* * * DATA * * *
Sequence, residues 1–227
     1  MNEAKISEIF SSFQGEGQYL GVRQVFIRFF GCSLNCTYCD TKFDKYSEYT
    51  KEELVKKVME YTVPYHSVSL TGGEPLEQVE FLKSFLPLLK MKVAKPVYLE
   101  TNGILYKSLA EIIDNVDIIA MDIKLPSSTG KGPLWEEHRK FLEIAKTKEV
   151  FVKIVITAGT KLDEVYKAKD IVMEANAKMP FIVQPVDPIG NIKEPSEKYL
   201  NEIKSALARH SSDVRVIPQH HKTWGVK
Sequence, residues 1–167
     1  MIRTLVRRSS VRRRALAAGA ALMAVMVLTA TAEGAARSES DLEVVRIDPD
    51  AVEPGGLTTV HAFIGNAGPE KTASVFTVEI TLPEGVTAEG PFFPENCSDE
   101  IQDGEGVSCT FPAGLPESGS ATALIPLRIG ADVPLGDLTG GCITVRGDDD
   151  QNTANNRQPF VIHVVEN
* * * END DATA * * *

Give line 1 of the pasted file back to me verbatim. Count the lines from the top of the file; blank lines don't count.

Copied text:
Sequence, residues 1–227